Random Variables

STAT 20: Introduction to Probability and Statistics


  • PS 8: time to work on it and then review
  • Brief lecture on random variables
  • Break
  • Concept Questions
  • PS 9

PS 8



Random variables

  • Let \(X\) be the number of heads in three tosses of a fair coin. What is the distribution of \(X\)? That is, what is \(f(x) = P(X = x)\)? What values will \(x\) take?

  • What about if \(X\) is the number of heads in 3 tosses of a biased coin, where the chance of heads is \(\frac{2}{3}\)? Now what is \(f(x) = P(X = x)\)?

  • Now suppose we toss a fair coin until the first time it lands heads, and let \(X\) be the number of tosses (including the last one, which is the first time the coin lands heads). What is the pmf of \(X\)? Is it binomial?

  • Finally, let’s consider a deck of cards, and we are interested in the number of hearts dealt in a hand of five. Call this number \(X\). What is the pmf of \(X\)?

\(f(x)\) and \(F(x)\)

  • \(f(x)\) is the probability mass function of \(X\). What does that mean? What is the connection to the distribution table? The probability histogram?

  • \(F(x)\) is the cumulative distribution function.

  • What is the connection between \(f\) and \(F\)?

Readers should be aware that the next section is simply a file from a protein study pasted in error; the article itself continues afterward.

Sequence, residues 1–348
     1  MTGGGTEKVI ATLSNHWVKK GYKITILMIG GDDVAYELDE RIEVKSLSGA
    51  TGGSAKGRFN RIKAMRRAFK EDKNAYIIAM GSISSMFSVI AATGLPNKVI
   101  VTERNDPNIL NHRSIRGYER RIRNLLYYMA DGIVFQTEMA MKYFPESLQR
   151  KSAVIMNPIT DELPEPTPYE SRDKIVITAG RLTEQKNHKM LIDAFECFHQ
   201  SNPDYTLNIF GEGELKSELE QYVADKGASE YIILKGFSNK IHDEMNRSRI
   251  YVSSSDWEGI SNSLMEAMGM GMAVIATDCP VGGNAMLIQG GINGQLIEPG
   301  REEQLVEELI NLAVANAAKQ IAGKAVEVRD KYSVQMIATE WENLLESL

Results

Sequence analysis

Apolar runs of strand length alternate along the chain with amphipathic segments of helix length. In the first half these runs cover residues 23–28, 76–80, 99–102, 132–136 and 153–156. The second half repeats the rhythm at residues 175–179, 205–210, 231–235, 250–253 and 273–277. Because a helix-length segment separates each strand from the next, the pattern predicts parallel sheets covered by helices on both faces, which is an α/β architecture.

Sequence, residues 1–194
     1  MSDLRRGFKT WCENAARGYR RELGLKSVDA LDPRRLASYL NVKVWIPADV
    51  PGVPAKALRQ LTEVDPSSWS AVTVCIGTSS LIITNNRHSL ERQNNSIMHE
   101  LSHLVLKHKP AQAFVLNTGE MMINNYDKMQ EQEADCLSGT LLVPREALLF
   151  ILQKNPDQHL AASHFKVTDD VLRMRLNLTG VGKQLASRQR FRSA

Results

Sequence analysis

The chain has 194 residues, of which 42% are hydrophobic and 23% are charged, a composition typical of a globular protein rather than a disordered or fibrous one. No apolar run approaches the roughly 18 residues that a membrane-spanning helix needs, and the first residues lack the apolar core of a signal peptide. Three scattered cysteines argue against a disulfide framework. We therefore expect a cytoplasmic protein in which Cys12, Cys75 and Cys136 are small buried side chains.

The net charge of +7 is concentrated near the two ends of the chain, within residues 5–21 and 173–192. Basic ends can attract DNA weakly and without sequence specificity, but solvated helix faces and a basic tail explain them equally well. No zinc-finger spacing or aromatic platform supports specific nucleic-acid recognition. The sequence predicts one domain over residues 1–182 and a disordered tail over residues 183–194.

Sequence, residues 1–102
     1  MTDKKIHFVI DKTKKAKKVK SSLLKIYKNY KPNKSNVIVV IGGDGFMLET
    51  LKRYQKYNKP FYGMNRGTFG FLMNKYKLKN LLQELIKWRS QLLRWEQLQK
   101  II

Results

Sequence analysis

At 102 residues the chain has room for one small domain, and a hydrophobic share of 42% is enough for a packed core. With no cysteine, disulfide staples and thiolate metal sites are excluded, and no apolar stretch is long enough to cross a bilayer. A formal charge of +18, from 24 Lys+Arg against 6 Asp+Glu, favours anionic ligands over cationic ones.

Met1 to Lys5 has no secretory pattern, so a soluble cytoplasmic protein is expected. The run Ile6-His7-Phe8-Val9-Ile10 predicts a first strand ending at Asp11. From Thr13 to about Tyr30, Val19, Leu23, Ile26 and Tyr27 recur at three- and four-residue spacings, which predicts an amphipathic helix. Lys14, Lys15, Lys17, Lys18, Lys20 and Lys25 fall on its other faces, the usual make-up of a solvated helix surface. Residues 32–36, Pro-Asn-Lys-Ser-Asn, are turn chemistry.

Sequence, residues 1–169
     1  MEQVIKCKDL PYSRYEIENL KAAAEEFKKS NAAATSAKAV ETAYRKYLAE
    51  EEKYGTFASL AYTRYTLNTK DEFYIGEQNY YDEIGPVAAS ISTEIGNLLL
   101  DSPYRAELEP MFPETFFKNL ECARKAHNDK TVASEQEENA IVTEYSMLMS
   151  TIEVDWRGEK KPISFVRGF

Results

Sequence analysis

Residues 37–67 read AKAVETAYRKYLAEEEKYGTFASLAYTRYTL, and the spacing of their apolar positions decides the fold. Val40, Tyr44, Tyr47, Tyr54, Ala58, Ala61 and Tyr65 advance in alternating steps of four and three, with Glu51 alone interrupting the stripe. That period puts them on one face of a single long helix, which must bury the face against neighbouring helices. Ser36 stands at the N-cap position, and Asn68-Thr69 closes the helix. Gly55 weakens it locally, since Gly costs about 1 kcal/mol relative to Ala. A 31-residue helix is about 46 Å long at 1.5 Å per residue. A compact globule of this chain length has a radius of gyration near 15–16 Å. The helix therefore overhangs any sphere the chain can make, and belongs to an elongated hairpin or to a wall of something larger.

Concept Questions


Roll a pair of fair six-sided dice and let \(X = 1\) if the dice land showing the same number of spots, and \(0\) otherwise. For example, if both dice land \(2\), then \(X = 1\), but if one lands \(2\) and the other lands \(3\), then \(X = 0\).

What is \(P(X=1)\)?


The graph of the cdf of a random variable \(X\) is shown below. What is \(F(2)\)? What about \(f(2)\)?


You have \(10\) people with a cold and you have a remedy with a \(20\%\) chance of success. What is the chance that your remedy will cure at least one sufferer? (Let \(X\) be the number of people cured among the 10. We are looking for the probability that \(X \ge 1\))

What is the chance that at least one person is cured?


There are 4 histograms of different Poisson distributions below. Match each distribution to its parameter \(\lambda\). Recall that \(\lambda\) is how many occurrences we think will happen in a given period of time.

\[ (1)\: \lambda = 0.5 \hspace{2cm} (2)\: \lambda = 1 \hspace{2cm} (3) \: \lambda = 2 \hspace{2cm} (4) \: \lambda = 4\hspace{2cm} \]



PS 9